Book fair brings Nebraska authors to library

November 7, 2017 GMT

COLUMBUS — Nine Nebraska authors shared their work Saturday during the fourth annual book fair at Columbus Public Library.

A variety of genres were available for the public to peruse as the books ranged from naturalist studies in the Nebraska prairie to a Marine befriending Russians in a time of conflict.

While most of the visiting authors traveled from Lincoln, the book fair also welcomed a few locals.

One such raconteur is Columbus High School Assistant Principal Angela Leifeld, who promoted her first published book, “Becoming a Woman After God’s Own Heart.”

“In this book, I encourage people to grow in their faith,” Leifeld said. “I try to focus on working moms who may feel overwhelmed and let them know that no matter how stressful it can all get, God is in control.”

Leifeld said her writing started in 1998 when she would send email devotionals to loved ones. Her quest into the literary world led her to write a second book set to be published soon.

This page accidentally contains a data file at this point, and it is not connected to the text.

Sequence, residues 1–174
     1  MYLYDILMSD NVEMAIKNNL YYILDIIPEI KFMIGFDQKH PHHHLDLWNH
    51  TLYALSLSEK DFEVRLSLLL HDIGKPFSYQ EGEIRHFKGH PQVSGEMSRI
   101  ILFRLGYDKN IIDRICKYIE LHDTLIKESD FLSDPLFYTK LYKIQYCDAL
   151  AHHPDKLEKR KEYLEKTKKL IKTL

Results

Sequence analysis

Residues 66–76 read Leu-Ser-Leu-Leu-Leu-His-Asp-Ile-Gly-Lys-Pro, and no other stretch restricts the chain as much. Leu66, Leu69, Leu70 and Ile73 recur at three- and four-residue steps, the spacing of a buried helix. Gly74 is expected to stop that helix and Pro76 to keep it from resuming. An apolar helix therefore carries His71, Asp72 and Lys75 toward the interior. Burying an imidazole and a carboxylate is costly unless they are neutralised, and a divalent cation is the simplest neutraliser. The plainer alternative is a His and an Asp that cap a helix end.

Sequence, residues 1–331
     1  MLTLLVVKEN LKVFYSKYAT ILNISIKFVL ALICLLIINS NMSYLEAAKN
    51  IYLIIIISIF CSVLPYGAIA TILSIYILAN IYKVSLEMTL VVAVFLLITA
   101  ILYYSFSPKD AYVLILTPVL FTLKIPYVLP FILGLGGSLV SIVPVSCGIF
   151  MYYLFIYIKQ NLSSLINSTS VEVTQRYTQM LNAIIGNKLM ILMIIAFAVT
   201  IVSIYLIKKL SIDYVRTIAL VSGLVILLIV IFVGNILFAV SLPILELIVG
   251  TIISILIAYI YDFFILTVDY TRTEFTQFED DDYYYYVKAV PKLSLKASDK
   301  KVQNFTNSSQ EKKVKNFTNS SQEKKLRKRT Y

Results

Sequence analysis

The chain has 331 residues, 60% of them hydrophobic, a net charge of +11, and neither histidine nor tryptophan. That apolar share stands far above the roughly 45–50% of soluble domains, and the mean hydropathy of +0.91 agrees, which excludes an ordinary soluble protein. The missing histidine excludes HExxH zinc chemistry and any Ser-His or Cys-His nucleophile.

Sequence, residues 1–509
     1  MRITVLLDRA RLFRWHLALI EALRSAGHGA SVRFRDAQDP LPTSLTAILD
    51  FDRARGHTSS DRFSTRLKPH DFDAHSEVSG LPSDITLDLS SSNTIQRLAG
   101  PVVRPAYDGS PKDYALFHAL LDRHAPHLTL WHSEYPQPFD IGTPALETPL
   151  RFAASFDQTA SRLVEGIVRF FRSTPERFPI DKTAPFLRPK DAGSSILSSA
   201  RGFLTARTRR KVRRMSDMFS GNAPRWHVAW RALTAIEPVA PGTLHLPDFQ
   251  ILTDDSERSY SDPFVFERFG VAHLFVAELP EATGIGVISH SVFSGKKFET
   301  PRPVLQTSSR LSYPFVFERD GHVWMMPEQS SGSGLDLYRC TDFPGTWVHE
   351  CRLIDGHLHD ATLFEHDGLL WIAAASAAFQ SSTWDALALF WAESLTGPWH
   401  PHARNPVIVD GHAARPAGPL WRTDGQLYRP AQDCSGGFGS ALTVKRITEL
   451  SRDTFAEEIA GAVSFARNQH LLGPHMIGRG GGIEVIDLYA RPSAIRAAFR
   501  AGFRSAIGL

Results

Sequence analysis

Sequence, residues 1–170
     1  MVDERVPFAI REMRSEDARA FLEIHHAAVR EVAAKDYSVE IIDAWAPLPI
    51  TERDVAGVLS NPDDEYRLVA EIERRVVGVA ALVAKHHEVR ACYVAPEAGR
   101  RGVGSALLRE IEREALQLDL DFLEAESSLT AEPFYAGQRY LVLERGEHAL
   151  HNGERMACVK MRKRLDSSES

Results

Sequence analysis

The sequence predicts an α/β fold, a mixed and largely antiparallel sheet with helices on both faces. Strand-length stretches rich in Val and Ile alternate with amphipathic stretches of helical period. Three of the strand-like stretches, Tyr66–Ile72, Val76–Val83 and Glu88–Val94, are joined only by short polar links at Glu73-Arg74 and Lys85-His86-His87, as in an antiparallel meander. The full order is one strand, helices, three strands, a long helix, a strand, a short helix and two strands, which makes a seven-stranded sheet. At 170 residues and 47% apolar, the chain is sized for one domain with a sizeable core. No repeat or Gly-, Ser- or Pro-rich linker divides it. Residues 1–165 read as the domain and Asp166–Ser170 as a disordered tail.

Rick Page of Lincoln has written short stories and poetry all his life. His material always stems from personal experiences, especially his time in the U.S. Marine Corps.

“I brought my second novel with me today,” Page said. “I call it ‘FATE’s First Turn.’ FATE stands for federal anti-terrorist enforcement. People who like to read Tom Clancy and James Patterson would love it.”

Page said his novel describes what can happen in the wake of terror while adding a love story between a Marine and Russian.

“People always prejudge others,” Page said. “But when you walk a mile in their moccasins, you’ll learn we’re not so different after all. I wanted to show that idea through the Marine and Russian love connection.”

Another Lincoln author, Clark Haberman, creates a different form of excitement in his novel, “Dead Man’s Run.” After a cougar is blamed for the death of a young man, law enforcement officials warn the town to stay out of danger. A second body is soon found, and the town realizes there may be more than mountain lions on the prowl.

Kelli Keyes of Columbus Public Library said the book fair is a great way to learn about different authors.

“The variety of genres here is just incredible,” Keyes said. “This is the fourth year we have done the fair and it’s always so good to see the authors telling people how they write, offering encouragement and so much more. It’s just a really neat thing.”

Other authors who attended the book fair were Ken Leischner, Jacqueline Winters, Cort Fernland, Terrence Wachal, Valerie Vierk and Gladys Starkey.